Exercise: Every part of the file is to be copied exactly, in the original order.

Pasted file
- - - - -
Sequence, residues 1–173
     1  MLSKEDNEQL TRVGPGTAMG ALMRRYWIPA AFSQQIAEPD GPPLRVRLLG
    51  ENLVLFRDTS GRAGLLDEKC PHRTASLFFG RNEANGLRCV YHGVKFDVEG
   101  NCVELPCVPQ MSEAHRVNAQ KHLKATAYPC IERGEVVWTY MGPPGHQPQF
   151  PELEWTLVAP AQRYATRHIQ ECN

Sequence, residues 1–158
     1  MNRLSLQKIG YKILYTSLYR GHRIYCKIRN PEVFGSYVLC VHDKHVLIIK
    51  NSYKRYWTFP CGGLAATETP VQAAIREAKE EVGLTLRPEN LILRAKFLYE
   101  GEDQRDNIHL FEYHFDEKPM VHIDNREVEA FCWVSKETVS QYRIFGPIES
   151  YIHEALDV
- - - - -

Sequence, residues 1–173
     1  MLSKEDNEQL TRVGPGTAMG ALMRRYWIPA AFSQQIAEPD GPPLRVRLLG
    51  ENLVLFRDTS GRAGLLDEKC PHRTASLFFG RNEANGLRCV YHGVKFDVEG
   101  NCVELPCVPQ MSEAHRVNAQ KHLKATAYPC IERGEVVWTY MGPPGHQPQF
   151  PELEWTLVAP AQRYATRHIQ ECN

Sequence, residues 1–158
     1  MNRLSLQKIG YKILYTSLYR GHRIYCKIRN PEVFGSYVLC VHDKHVLIIK
    51  NSYKRYWTFP CGGLAATETP VQAAIREAKE EVGLTLRPEN LILRAKFLYE
   101  GEDQRDNIHL FEYHFDEKPM VHIDNREVEA FCWVSKETVS QYRIFGPIES
   151  YIHEALDV